It’s not easy to admit that your drinking has crossed over from moderate or social drinking and become a problem. Many people start to use alcohol as a way to deal with their problems and bury their emotions, but they can spend a long time denying any problem to themselves and others. But once you have taken the first step and admitted to yourself that your drinking has got out of hand, you can begin to address the issue. Alcoholism and alcohol abuse can be dangerous, but you can face them head-on with the right treatment and support. Read the following tips to help you face your problem and start getting on the track to recovery.

drinkingKimery Davis

Do I Have a Problem?

It can be difficult to work out whether you have crossed the line between social drinking and abusing alcohol. The way that people consume alcohol varies in different cultures, and it affects individual persons in a variety of ways. But the essential thing to consider is whether your drinking affects your life negatively. You may have a problem if you feel guilty or ashamed about your habits, and perhaps lie to others about them. Family and friends might express their concern for the amount that you drink. You also might feel that you need to drink to relax or improve your mood, often drink more than you intend to or find yourself blacking out or forgetting what you did while drinking. If your drinking habits are causing problems in your life, you have a drinking problem. However, alcohol abusers aren’t necessarily alcoholics. Alcoholism also involves a physical dependence on alcohol.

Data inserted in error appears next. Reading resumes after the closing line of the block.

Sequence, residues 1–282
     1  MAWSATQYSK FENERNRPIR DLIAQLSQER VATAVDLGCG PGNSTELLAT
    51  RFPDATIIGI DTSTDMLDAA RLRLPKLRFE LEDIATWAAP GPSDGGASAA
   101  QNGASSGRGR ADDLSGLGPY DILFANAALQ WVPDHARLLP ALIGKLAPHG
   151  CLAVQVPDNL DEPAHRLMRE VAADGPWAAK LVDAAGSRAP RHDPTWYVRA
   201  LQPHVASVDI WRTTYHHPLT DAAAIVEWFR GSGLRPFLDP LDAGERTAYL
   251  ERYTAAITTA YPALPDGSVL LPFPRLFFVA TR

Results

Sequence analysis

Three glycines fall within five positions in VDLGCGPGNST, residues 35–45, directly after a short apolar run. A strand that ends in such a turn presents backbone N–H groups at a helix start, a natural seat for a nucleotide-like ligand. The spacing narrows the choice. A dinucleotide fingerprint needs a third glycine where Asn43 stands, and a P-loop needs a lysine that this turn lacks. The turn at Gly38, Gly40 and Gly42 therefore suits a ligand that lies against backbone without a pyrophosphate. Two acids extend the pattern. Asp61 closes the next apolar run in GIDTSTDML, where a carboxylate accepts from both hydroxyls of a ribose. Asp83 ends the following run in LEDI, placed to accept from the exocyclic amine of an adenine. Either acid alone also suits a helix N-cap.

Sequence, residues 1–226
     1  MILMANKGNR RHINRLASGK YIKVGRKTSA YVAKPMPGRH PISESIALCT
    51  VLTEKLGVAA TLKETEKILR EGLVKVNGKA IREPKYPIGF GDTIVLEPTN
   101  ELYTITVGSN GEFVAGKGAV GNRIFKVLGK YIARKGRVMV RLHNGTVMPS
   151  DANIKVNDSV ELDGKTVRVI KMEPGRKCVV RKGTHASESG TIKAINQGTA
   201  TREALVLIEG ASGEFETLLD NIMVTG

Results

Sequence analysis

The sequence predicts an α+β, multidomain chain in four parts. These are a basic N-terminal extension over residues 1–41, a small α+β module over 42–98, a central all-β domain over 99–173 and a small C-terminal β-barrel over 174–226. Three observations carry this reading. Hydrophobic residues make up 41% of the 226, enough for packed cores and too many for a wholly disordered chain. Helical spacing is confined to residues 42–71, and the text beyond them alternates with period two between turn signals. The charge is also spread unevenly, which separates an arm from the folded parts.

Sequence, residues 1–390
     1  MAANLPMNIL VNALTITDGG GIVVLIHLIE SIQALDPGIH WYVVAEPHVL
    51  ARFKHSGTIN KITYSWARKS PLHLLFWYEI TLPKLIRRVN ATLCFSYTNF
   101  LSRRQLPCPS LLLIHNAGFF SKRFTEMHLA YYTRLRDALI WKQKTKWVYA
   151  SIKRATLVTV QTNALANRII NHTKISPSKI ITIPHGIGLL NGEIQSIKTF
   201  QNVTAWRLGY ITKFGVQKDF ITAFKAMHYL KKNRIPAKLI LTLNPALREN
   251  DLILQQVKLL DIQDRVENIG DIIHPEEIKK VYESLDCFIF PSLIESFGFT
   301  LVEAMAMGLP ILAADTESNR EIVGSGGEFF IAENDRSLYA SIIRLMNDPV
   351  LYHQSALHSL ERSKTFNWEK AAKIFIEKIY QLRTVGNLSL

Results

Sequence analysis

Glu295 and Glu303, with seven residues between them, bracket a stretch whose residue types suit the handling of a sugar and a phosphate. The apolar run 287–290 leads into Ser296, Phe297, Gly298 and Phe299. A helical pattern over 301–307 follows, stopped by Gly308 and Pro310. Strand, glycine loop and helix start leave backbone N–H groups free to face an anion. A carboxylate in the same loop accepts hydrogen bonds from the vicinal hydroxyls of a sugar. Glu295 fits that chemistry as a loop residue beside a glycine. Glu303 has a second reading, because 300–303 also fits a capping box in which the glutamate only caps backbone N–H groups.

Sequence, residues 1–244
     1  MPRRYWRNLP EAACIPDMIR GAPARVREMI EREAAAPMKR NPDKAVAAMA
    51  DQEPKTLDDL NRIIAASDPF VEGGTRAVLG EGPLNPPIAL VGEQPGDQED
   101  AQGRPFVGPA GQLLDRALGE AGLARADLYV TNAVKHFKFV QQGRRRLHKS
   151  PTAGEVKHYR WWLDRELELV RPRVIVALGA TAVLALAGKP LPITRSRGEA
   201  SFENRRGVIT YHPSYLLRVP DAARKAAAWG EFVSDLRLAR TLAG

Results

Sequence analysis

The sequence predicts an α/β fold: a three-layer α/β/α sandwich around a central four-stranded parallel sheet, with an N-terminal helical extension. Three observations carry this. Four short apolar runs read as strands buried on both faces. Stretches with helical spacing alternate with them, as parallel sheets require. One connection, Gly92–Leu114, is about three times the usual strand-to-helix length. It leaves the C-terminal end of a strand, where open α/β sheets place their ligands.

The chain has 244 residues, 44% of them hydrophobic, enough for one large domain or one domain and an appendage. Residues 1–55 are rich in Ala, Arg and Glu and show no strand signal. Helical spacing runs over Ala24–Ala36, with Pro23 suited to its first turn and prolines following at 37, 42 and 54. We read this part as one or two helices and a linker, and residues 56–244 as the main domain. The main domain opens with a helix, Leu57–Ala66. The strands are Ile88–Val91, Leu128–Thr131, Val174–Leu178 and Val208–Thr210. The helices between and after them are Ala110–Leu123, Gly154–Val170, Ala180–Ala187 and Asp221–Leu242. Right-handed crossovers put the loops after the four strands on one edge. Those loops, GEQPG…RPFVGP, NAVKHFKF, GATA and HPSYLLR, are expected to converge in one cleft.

Starting to Get Help

If you have realized that you have a drinking problem, a good place to start for help is your doctor. They can help you to work out your next step and provide you with information about dealing with your problem. There are many places you can look to for support, including rehabilitation facilities, self-help programs, and therapy. You should consider some different options and decide which one is right for you, but it is essential that you have some form of support. Some people choose to try and stop on their own while others need more help from medical professionals. If you are physically dependent on alcohol, this is especially important, as you may need to take medication to help with withdrawal.

After Treatment

Whichever treatment option you choose, you may still struggle with alcohol once you have completed it. You may find yourself struggling with your relationship with alcohol for the rest of your life. Some people choose to make significant changes to their lifestyle. They might move into a sobriety house after rehab or completely alter their social circle.

It’s certainly not uncommon to slip up, but you can help to minimize the likelihood by putting yourself in an environment free of triggers and temptation. If you do make a mistake, it’s important to get back on the horse right away. Remember that a brief relapse doesn’t have to escalate, and talk to your sponsor or counselor to help you work through it.